Have you been to the theatre recently? No, neither had I. I mean, who has the time to make these outings come about? It’s a bloody miracle in the first place to get a date, which doesn’t involve 90 billion WhatsApp messages. THEN somebody has to book it, and THEN you have to extricate yourself from your household and ensure that spouses aren’t away out running the roads while you entertain the notion of a soirée. Our beloved babysitter has had the temerity to get herself three A’s in her A-levels and feck away off to university in Bristol. Yes, Bristol. What fecking use is that to me, at 8 O’clock of an evening in September, when I need to get FAR AWAY from the endless sea of socks and laundry baskets with their overflowing entrails and an island which looked glorious in MAKE Kitchens but is now just a repository for bills, school newsletter bulletins and half eaten fish fingers. It’s usually Wednesdays which floor me altogether and I think to myself: ‘If I don’t get out of this BLOODY house and get a dinner and a glass of chilled Sauvignon in Shed Bistro I’m just retreating under the duvet until March at the very least.’
You see? This is why people don’t pay me to do reviews. 212 words in and I still haven’t told you the name of the play I saw last night or indeed where I saw it. It was a serendipitous turn of events, that I actually had no plans whatsoever and my friend texted on Friday night. ‘I have a free ticket for Shirley Valentine at the Lyric,’ read her message. ‘Can you make it?’
‘YES!!!” I replied, ‘I’m in!’ Oh the GLEE readers, at a night of emancipation where I had to do ABSOLUTELY nothing, other than clean my teeth and throw on a frock and be waiting at the door at 7pm.
Perhaps you think you don’t need theatre in your lives, what with us all currently inhabiting a Theatre of The Absurd, more barking than Ionesco or any of those French Existensialists could ever have imagined. But I tell you, that this production starring the gorgeous Tara Lynn O’Neill (the Ma from Derry Girls) is essential for your well-being. Art, in its many forms, should give one the chance to transcend the banal, offering respite from the humdrum, so it’s ironic, given the subject matter of Shirley Valentine, that you find yourself enthralled, watching someone else fry eggs and chips while they talk to the ‘Wall’. in the kitchen. And therein, lies the joy- theatre effortlessly aping life as we know it. Maybe our husbands aren’t useless gobshites; maybe we have travelled extensively, or enjoyed a university education; we still, somehow identify with her, and that wonderful phrase ‘unused life’ hits us right in the solar plexus.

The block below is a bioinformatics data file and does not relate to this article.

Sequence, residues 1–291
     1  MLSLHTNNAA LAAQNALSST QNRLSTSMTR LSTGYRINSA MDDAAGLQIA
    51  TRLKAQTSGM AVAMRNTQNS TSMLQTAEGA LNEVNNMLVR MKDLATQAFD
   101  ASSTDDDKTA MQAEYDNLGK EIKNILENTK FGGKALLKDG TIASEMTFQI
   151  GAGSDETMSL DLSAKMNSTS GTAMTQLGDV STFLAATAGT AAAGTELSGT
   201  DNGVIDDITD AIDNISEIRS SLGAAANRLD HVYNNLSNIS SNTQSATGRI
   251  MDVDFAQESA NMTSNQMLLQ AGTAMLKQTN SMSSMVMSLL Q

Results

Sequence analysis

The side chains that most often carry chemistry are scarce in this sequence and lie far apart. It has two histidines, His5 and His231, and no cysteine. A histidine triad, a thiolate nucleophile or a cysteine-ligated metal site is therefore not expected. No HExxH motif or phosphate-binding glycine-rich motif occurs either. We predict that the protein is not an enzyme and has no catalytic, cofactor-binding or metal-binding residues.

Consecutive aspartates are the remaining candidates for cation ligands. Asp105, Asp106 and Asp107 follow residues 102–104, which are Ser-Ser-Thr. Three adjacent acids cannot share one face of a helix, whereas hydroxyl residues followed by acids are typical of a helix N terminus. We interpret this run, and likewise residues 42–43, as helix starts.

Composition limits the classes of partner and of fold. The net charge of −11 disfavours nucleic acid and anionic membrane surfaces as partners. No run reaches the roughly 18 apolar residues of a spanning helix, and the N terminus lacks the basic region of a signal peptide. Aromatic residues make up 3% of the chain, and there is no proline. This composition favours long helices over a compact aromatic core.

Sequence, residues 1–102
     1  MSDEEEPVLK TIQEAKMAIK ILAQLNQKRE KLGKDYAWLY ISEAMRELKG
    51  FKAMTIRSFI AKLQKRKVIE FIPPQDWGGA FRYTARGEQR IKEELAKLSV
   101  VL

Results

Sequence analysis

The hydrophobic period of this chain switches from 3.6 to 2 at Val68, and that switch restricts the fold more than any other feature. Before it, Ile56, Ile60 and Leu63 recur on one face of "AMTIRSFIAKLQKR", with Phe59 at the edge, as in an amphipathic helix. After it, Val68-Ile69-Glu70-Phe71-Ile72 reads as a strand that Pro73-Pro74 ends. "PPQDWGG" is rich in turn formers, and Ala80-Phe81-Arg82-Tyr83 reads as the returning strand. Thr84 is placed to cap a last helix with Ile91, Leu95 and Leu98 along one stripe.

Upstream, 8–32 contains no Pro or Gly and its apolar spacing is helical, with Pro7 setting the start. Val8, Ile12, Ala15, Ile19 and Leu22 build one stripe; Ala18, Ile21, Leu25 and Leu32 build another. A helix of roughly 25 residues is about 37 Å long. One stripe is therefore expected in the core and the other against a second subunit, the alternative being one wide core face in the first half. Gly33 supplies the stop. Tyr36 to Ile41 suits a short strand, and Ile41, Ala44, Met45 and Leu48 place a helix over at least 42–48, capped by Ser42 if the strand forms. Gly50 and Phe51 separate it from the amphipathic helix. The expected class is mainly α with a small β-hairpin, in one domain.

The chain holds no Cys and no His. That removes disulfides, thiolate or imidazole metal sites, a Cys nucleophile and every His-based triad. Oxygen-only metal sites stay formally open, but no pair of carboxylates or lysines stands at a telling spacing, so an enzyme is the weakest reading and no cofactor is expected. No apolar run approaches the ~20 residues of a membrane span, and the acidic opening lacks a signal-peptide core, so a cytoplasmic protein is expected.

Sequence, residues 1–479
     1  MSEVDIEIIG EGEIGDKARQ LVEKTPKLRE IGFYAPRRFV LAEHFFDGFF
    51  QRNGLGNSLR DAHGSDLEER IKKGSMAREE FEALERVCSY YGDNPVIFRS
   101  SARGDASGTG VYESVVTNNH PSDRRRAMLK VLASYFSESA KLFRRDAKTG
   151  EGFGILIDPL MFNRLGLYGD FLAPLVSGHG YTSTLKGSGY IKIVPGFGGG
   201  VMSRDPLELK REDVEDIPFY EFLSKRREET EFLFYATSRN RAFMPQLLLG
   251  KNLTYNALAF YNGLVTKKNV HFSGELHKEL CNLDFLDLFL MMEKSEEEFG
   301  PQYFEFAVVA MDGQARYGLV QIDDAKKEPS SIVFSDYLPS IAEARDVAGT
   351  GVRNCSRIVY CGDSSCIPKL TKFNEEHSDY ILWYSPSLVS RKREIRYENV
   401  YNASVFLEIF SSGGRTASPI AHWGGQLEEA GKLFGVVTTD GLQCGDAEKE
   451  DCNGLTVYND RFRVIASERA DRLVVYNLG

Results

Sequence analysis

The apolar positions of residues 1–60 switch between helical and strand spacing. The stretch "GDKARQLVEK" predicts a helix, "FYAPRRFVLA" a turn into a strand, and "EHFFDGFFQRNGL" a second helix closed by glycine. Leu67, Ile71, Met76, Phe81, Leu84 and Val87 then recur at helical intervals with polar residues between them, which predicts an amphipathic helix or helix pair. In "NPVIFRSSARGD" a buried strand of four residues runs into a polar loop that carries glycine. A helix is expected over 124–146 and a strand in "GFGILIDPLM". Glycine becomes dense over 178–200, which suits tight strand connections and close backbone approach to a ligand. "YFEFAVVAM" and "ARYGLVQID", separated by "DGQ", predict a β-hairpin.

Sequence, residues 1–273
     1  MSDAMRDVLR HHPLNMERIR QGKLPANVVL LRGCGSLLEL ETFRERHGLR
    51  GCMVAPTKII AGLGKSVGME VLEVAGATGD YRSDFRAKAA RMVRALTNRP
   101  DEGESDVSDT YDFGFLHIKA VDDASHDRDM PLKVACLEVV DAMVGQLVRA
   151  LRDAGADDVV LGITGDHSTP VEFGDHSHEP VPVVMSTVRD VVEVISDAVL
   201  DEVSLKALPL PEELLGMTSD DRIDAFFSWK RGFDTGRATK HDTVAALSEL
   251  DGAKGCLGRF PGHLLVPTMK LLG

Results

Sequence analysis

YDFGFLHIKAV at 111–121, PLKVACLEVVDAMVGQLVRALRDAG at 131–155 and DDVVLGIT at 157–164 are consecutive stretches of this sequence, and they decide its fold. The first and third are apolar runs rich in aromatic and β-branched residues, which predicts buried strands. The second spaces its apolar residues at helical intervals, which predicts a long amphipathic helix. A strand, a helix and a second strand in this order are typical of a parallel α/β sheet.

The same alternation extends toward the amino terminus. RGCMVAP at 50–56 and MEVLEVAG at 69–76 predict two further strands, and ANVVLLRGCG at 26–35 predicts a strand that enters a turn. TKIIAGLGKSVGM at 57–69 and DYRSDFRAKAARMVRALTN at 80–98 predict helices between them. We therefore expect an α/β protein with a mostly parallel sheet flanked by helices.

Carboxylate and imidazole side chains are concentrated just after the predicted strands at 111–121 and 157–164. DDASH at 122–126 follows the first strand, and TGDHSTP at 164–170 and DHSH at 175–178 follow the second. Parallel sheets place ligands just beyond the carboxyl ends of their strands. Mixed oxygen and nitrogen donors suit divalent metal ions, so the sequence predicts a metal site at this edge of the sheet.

In her review in the Irish News, Jane Hardy said that O’Neill was luminous as the eponymous heroine. I couldn’t say it better myself, so I’m not even going to try. If you remember the film, (and I do, because I just adored it,) you’ll recall the conspiratorial relationship between Pauline Collins and the viewer, and O’Neill does the same with aplomb, creating a real sense of rapport with the audience. So much so, that when she fluffed a line and at one point put a shoe on the wrong foot, we loved her all the more for it. ‘Thank fuck for that,’ I thought. What mere mortal manages to keep us utterly rapt, performing a monologue for 105 minutes? Jeepers, but it could make a buddy feel inadequate alright.
Standing ovations sometimes make me cringe a bit. You know where you think, ‘Oh should I get up? I actually wasn’t that dying about it but the person beside me has clambered to their feet and I’ll look like a right malcontent if I don’t shift my arse.’ Well, there was no second guessing myself here because I was up and clapping and shouting WHOO HOO! and wanting to give the star a hug afterwards.
In short, just book a bloody babysitter and have a night out. Go the whole hog: order a glass of Porto 6 as a pre-theatre beverage and pre-book one for the interval. Go on your own, bring your mate, bring your mum or give me a shout and I’ll go again if you fancy it. It’s a delight, and you know me by now: I’m a sour wee bastard. I wouldn’t say it if I didn’t mean it.
(For a superb review, do check out Alan’s here. He actually talks about the play, and not just himself. He’s professional like that, is Alan.)